from The American Heritage® Dictionary of the English Language, 4th Edition
- adj. Expressing a command or plea; peremptory: requests that grew more and more imperative.
- adj. Having the power or authority to command or control.
- adj. Grammar Of, relating to, or constituting the mood that expresses a command or request.
- adj. Impossible to deter or evade; pressing: imperative needs. See Synonyms at urgent.
- n. A command; an order.
- n. An obligation; a duty: social imperatives.
- n. A rule, principle, or instinct that compels a certain behavior: a people driven to aggression by territorial imperatives.
- n. Grammar The imperative mood.
- n. Grammar A verb form of the imperative mood.
from Wiktionary, Creative Commons Attribution/Share-Alike License
- n. The grammatical mood expressing an order (see jussive). In English, the imperative form of a verb is the same as that of the bare infinitive.
- n. A verb in imperative mood.
- n. An essential action, a must: something which is imperative.
- adj. essential
- adj. Having a semantics that incorporates mutable variables.
- adj. of, or relating to the imperative mood
from the GNU version of the Collaborative International Dictionary of English
- adj. Expressive of command; containing positive command; authoritatively or absolutely directive; commanding; authoritative.
- adj. Not to be avoided or evaded; obligatory; binding; compulsory.
- adj. Expressive of commund, entreaty, advice, or exhortation.
- n. The imperative mood; also, a verb in the imperative mood.
from The Century Dictionary and Cyclopedia
- Expressing command; containing positive command; peremptory; absolute: as, imperative orders.
- Not to be avoided or evaded; that must be attended to or performed; obligatory; binding: as, an imperative duty or necessity.
- n. In grammar, a mode or verbal form which expresses command, entreaty, advice, or exhortation.
- n. In philosophy, a deliverance of conscience; a monition of the moral sense.
from WordNet 3.0 Copyright 2006 by Princeton University. All rights reserved.
- adj. relating to verbs in the imperative mood
- n. some duty that is essential and urgent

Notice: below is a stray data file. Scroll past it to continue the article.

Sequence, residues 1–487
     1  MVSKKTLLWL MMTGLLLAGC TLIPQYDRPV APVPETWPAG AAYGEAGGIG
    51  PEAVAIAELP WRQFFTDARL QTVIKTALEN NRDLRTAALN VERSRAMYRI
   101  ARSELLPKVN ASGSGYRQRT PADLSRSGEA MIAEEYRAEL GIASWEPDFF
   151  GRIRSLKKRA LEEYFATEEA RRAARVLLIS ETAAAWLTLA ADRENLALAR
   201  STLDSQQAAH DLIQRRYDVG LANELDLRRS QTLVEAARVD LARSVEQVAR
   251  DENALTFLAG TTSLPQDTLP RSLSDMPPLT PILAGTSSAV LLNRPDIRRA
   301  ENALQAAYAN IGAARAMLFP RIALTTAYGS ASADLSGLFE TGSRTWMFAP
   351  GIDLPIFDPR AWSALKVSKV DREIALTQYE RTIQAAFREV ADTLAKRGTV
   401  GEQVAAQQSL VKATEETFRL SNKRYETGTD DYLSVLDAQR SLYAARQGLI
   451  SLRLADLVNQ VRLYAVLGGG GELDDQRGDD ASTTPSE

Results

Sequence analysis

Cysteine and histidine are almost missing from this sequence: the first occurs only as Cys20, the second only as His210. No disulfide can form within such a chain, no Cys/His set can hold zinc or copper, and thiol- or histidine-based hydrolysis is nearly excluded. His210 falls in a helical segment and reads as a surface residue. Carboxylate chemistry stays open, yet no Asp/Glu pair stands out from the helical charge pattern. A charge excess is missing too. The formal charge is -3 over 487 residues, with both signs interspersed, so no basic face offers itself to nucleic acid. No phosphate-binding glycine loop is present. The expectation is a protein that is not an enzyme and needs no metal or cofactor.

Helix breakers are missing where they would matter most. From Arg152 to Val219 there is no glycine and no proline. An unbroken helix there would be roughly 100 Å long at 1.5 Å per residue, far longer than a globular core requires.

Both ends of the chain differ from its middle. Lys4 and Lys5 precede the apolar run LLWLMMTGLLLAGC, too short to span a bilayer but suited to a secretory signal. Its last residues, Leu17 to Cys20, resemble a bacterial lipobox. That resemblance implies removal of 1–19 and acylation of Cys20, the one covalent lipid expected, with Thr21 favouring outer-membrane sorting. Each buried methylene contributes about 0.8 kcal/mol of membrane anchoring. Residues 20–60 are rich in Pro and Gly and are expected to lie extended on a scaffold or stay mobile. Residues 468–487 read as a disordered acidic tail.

- n. a mood that expresses an intention to influence the listener's behavior
- adj. requiring attention or action
In traditional tragedy, these are prescriptives; the imperative is absolute -- must, not should.
The long-term imperative is to slow and reverse the spiraling national debt.
The short-term imperative is to create jobs and grow the economy.
"We have a long-term imperative to reconnect middle-class prosperity to the growing economy."
If that seems a fast-fading dream, the pressing imperative is whether to keep faith with a man warmly serenaded by Leeds supporters but barracked by his new public.
If you are Christian, your moral imperative is to be Good in the face of Evil, to the point of martyrdom if need be.
"If you are Christian, your moral imperative is to be Good in the face of Evil, to the point of martyrdom if need be."
While relieving government debt should be a medium and long term priority, addressing consumer debt is a short-term imperative.
Their immediate imperative is coexistence within the fleet, but their interest is in victory over the hostile Cylon.
That ultimately this very moral imperative taken as absolute requires that we should treat all other moral imperatives as relative until, by a process of honest inquiry, we can decide, to our honest satisfaction, that, to the best of our knowledge, the action predicated by this imperative is indeed essentially capable of being universalised.